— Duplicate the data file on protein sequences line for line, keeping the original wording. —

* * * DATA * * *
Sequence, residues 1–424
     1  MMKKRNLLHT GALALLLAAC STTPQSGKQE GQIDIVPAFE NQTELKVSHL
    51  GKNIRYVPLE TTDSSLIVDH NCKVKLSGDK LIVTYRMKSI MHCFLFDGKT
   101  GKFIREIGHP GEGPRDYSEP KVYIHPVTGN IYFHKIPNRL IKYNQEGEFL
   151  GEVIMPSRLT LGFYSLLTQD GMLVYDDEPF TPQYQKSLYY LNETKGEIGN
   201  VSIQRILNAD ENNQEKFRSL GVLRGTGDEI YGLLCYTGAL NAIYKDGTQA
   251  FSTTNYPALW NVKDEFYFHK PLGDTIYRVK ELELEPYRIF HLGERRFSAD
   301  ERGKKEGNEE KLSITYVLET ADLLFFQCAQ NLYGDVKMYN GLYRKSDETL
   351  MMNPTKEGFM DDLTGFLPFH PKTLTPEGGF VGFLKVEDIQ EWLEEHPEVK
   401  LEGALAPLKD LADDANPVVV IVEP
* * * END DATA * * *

Sequence, residues 1–424
     1  MMKKRNLLHT GALALLLAAC STTPQSGKQE GQIDIVPAFE NQTELKVSHL
    51  GKNIRYVPLE TTDSSLIVDH NCKVKLSGDK LIVTYRMKSI MHCFLFDGKT
   101  GKFIREIGHP GEGPRDYSEP KVYIHPVTGN IYFHKIPNRL IKYNQEGEFL
   151  GEVIMPSRLT LGFYSLLTQD GMLVYDDEPF TPQYQKSLYY LNETKGEIGN
   201  VSIQRILNAD ENNQEKFRSL GVLRGTGDEI YGLLCYTGAL NAIYKDGTQA
   251  FSTTNYPALW NVKDEFYFHK PLGDTIYRVK ELELEPYRIF HLGERRFSAD
   301  ERGKKEGNEE KLSITYVLET ADLLFFQCAQ NLYGDVKMYN GLYRKSDETL
   351  MMNPTKEGFM DDLTGFLPFH PKTLTPEGGF VGFLKVEDIQ EWLEEHPEVK
   401  LEGALAPLKD LADDANPVVV IVEP